Important carving which sailed with Nelson returns to the Scilly Isles
The towering figure of a man sculpted from elm wood is displayed near where it was found
Nelson's ship the HMS Colossus suffered an ignominious fate in 1798 when it sank after running aground. That included a 3.3m (11ft) tall elm wood carving of a man in neo-classical dress, thought to have stood at the stern of the boat.
Discovered in 2002, the carving has been undergoing restorative work, but will now travel back to the Scilly Isles to be displayed as part of a collection of figureheads known as Valhalla, on the island of Tresco.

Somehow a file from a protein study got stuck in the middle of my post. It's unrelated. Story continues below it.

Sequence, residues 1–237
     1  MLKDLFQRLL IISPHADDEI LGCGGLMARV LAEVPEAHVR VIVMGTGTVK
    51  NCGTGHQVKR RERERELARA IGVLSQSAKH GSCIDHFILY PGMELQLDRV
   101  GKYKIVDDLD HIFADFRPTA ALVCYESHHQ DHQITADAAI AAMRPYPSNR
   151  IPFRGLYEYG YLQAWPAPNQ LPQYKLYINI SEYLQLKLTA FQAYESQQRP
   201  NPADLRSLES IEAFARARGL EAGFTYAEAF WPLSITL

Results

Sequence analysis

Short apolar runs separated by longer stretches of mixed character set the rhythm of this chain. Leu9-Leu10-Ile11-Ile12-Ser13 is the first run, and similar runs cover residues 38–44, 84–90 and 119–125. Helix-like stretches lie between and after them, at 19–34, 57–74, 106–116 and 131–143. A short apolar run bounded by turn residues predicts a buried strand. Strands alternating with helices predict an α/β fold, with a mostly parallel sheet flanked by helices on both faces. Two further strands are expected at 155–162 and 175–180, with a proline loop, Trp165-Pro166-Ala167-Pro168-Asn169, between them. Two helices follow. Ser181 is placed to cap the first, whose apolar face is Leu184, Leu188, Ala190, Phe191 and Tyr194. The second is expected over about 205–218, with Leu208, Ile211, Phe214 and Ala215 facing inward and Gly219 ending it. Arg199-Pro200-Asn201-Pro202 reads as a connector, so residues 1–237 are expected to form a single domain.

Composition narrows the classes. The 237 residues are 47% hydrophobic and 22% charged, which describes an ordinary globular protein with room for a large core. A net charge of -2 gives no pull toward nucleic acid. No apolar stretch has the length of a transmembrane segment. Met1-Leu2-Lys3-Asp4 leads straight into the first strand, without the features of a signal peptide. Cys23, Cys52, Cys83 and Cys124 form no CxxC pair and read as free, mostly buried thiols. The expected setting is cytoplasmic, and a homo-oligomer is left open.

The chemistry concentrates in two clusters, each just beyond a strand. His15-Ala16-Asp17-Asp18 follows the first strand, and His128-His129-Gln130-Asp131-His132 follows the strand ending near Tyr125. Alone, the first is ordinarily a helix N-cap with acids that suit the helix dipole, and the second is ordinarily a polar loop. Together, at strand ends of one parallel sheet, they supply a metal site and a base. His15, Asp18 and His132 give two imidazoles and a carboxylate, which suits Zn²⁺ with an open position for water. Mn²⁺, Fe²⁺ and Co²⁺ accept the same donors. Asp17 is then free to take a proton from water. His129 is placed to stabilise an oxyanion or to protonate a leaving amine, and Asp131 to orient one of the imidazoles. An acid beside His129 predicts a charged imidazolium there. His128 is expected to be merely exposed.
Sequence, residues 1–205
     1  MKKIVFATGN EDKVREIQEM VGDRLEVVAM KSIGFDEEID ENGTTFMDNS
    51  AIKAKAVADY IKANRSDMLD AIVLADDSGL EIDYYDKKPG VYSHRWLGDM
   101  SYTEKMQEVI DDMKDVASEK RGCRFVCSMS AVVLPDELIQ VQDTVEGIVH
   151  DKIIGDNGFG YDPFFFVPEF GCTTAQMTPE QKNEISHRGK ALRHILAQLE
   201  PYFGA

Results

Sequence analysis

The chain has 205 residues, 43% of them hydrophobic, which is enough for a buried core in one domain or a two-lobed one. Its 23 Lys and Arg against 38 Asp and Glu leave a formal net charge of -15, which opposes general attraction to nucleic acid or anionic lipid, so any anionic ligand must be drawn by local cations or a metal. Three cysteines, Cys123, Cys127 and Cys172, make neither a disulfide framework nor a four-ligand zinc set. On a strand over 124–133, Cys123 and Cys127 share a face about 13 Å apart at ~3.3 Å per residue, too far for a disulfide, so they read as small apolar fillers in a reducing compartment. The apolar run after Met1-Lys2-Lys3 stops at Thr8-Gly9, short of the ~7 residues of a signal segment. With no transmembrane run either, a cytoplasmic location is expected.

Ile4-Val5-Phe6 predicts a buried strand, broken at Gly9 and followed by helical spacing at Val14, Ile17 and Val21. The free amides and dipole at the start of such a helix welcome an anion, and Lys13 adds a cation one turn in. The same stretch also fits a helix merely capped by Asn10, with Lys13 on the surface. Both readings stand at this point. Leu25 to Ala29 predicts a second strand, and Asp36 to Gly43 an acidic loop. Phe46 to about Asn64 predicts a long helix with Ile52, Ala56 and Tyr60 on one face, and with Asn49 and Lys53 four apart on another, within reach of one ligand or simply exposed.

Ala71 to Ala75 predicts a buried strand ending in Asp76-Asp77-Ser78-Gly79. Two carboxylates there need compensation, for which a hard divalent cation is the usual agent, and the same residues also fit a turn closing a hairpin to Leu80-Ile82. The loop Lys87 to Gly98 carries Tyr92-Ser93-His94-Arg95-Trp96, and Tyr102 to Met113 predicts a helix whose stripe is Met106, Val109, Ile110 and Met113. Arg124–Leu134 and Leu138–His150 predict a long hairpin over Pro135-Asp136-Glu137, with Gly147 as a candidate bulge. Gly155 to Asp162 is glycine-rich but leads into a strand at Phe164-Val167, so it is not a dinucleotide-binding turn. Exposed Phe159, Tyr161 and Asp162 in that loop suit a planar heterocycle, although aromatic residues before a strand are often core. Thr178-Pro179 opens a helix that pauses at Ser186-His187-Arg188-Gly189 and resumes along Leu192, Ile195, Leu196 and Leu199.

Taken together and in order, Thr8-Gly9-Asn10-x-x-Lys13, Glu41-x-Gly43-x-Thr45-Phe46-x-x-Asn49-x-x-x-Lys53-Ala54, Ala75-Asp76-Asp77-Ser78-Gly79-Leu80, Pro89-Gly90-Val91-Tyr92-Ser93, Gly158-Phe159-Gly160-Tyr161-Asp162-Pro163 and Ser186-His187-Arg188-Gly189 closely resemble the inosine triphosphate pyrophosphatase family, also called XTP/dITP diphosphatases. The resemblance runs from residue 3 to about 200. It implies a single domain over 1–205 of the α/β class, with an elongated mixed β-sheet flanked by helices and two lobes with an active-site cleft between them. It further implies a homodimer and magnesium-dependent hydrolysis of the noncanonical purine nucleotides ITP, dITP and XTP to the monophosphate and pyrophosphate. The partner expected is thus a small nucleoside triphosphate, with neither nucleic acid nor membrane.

Maritime historian and author Richard Larn has described the figure as being, for Britain, 'probably one of the most important historic carvings that has been recovered from a shipwreck, it is top of the league in this country'.
The HMS Colossus figurehead will probably be shown in a glass case, unlike the other carvings of Valhalla as they were preserved on land and do not need the same precautions taken to keep them from deteriorating.
The HMS Colossus on which the figurehead stood is obviously not to be confused with the one which fought at Trafalgar, but she did take part in the Battle of Cape St Vincent, a British victory against a significantly larger Spanish fleet.
Collectors interested in memorabilia from that time may be interested to know that a rare letter written by Napoleon to the Duc de Feltre is currently available.
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